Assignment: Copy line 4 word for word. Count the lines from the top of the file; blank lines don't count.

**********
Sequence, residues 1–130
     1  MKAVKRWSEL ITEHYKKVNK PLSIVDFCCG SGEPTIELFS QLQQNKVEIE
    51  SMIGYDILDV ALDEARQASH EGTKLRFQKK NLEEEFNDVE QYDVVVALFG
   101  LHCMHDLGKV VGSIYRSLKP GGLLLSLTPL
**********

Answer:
   101  LHCMHDLGKV VGSIYRSLKP GGLLLSLTPL